Sardines have become a flashpoint in an ongoing debate between environmentalists, regulators and commercial interests in how to best manage the ocean’s resources. Since they are prey for larger fish, such as salmon and tuna, not to mention birds and marine mammals, they have taken on a much greater role in debates about the ocean’s ecosystem than their lowly status would seem to warrant.

Sunday’s vote was a victory for environmental groups, which have been adamant for years that more needs to be done to manage a fish that is critical to the ocean’s food chain.

“It turns out the sky was falling,” said Geoff Shester, California program director for Monterey-based Oceana.

Fishing interests weren’t happy about the vote, which had been expected after initial sardine assessments showed the numbers are very low. But they supported it.

“This is a harvest control rule that we support,” said Dianne Pleschner-Steele, executive director of the California Wetfish Producers Association. “It is doing exactly what it’s intended to do.”

Area fishermen hauled in more than 820 tons of sardines in 2013, according to state figures. It is Monterey Bay’s second-largest fishery, far behind market squid.

Despite closing the fishery, the council will allow 7,000 tons of sardines to be fished by native tribes, taken for recreational bait or taken by boats seeking other species, such as anchovies or mackerel.

Paul Shivley, Portland, Oregon-based project manager for The Pew Charitable Trusts, said he was pleased overall with the council’s action but disappointed it allowed so much “incidental” fish to be caught.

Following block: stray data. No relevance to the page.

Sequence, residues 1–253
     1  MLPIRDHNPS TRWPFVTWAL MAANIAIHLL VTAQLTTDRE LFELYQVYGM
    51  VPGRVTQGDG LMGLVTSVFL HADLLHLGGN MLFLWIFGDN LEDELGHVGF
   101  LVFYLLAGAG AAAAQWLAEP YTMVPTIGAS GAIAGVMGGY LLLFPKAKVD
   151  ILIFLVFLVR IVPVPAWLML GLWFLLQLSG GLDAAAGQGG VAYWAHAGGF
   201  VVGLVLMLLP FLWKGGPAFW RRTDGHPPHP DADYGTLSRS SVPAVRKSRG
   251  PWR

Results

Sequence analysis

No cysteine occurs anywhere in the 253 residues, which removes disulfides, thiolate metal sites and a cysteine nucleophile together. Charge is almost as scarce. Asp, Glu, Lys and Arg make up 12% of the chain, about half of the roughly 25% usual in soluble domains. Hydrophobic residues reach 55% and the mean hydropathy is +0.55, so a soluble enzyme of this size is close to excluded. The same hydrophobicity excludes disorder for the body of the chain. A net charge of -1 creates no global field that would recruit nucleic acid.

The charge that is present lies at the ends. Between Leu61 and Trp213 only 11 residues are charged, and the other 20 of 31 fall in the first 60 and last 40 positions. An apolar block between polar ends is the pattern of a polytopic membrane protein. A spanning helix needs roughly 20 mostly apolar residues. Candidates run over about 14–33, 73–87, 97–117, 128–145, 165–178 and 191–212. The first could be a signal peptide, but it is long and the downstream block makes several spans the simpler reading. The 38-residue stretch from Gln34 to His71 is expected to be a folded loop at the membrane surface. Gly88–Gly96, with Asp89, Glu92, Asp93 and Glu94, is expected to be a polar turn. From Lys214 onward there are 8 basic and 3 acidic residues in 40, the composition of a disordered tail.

“What they’ve created is a situation where the rebound will inevitably be slower because how much they left for incidental fisheries,” Shivley said.

That catch allows fishermen to continue fishing other fish, with nets often scooping up a number of species at once. If the 7,000-ton limit is reached, other fisheries could be shut down as well to protect sardines.

“The council, thankfully, is allowing a small incidental catch so that we can at least do our other fisheries,” Pleshner-Steele said, later adding: “It’s going to be a hard year for the fleet. There’s no doubt about it.”

Pew is also urging the council to take a closer look at anchovies, which can also be abundant in Monterey Bay. He is concerned sardine boats would turn their attention to that fishery, which is monitored by regulators but not capped.

“What we’re asking the council to do is update their stocks assessment and get a better handle on anchovies before it becomes a free-for-all,” Shivley said.

Oceana maintains that sardines have been overfished for years, citing a council recalculation that lowered the maximum amount of sardines that could be sustainably fished.

“It’s a step in the right direction,” Shester said of the fishery closure. “But irreversible ecosystem damage has already occurred that will persist for decades.”